Details of the state funeral for Sir Edmund Hillary may not be known for several days.
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Sir Ed, who became New Zealand's most celebrated hero when he was the first man to climb Mt Everest in 1953, died in Auckland around 9am yesterday from a heart attack which followed a long period of ill health.
The Government has offered and Sir Ed's family has accepted a State funeral.
While some pre-planning by police and Government around a possible state funeral has taken place Prime Minister Helen Clark said the wishes of the Hillary family would be paramount in determining how Sir Edmund is to be farewelled.
Miss Clark told Radio New Zealand discussions about the exact nature of the funeral would be held over the weekend.
"My desire at all times has been to see Sir Ed's, Lady Hillary and the family's wishes respected. What they want is what will happen."
Auckland mayor John Banks says Holy Trinity Cathedral in Parnell, which can accommodate more than 1000 people, may be the venue.
In Sir Edmund Hillary's 88 years, he conquered the world's highest mountain, stood on both poles, built schools and hospitals for impoverished Nepalese, faced the tragic deaths of his wife and daughter, and endured 54 years of international fame.
The lanky, industrious beekeeper-turned-adventurer, who earned his place in history as the first person to stand on the top of the world, created a legacy which New Zealanders celebrated yesterday while absorbing the news that the hero on the $5 note was dead.
The Queen is said to be "very saddened" by Sir Ed's death.
Buckingham Palace said the Queen was sending a personal message of sympathy to his widow and family.
New Zealanders - leaders, luminaries and the everyday Kiwis Sir Ed claimed to represent and embody - have paid tribute to the man Prime Minister Helen Clark called the most famous New Zealander to have lived.
They all said the same thing in different ways: that Sir Ed's place as this country's mountain-conquering trailblazer, an inspiration to generations of schoolchildren, would never be replicated.
"Sir Ed described himself as an average New Zealander with modest abilities. In reality, he was a colossus," Miss Clark said.
Many Kiwis, such as William Ronaldson, wrote yesterday on news websites of their personal encounters with Sir Ed.
"I remember when I was about nine years old I did a school project on him and wrote him a letter. He replied with a hand-written three- page letter which I still have."
As a boy, the young Edmund Percival Hillary travelled by train for four hours a day to attend Auckland Grammar School, reading books about adventurers on the way.
He would become a beekeeper in the family business, but his athleticism and determination would lead him to a life of extraordinary yet humble achievement.
He once wrote: "I discovered that even the mediocre can have adventures and even the fearful can achieve. I had the world beneath my clumsy boots."
He and Sherpa Tenzing Norgay conquered the highest mountain in the world on May 29, 1953. Sir Ed was 33 at the time and about to become world famous.
In January 1958, Sir Ed reached the South Pole driving a modified Ferguson tractor, in the first party to reach the pole by land since 1912.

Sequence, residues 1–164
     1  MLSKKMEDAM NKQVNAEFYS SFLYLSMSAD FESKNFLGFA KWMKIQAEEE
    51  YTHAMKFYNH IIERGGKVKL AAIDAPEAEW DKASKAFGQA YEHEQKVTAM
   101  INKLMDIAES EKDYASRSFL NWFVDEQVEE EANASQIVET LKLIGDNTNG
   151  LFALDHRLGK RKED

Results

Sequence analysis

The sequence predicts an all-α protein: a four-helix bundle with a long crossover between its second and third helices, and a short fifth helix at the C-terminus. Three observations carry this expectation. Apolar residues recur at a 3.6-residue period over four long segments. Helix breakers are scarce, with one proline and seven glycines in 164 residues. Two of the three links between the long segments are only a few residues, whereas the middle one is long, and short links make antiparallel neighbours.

In 1964, Sir Ed established the Himalayan Trust through which he worked tirelessly to improve the lives of the Nepalese people, who knew him as Burra Sahib, which means Big In Heart.
Tragically, his first wife, Louise, and younger daughter, Belinda, 16, were killed in an air crash in Nepal while visiting Sir Ed in 1975.
Sir Ed's last great adventure was a return to Antarctica last year, aged 87, for the 50th anniversary of Scott Base.
Yesterday, flags flew at half-mast on The Ice.
Even when he wasn't actively making history, Sir Ed's life collided with the story of this nation.
His life story wove around defining moments in New Zealand history, from his service as an air force navigator in World War II, to the loss of his friend Peter Mulgrew in the Erebus disaster in 1979, and his appointment as New Zealand high commissioner to India, where he continued his work to improve relations with the subcontinent after former prime minister Robert Muldoon's stoush with his Indian counterpart Indira Gandhi.
Later in life, Sir Ed married Mulgrew's widow, June.
The manner in which Sir Ed's various adventures were documented over the years illustrated one of the ways the world changed throughout his long life.
Sir Ed's return to base camp from his Everest ascent in 1953 was famously captured on grainy black and white film and news of it was withheld for four days so the announcement could coincide with the coronation of the Queen on June 2 of that year. Sir Ed was knighted on June 6.
Fifty-four years later, international websites flashed banner headlines and the Western world's largest news organisations broke into their scheduled programming to send news of his death globally. Internet users worldwide left tributes to him online.
Sir Ed spoke about death and a potential final resting place in his 1999 memoir View from the Summit.
If Sir Ed's musings bear out, his ashes will come to rest in Auckland, where he was born in 1919, and near the small rural community of Tuakau where the early years of his extraordinary life were passed.
"I've never had any desire to end my days at the bottom of a deep crevasse - I've been down too many of them for that to have much appeal: I'm a somewhat fearful person and would prefer to go peacefully if that were possible.
"I should even like my ashes to be spread on the beautiful waters of Auckland's Hauraki Gulf, to be washed gently ashore maybe on the many pleasant beaches near the place where I was born. Then the full circle of my life will be complete."
Sir Edmund Hillary is survived by his wife, June, and children Peter and Sarah.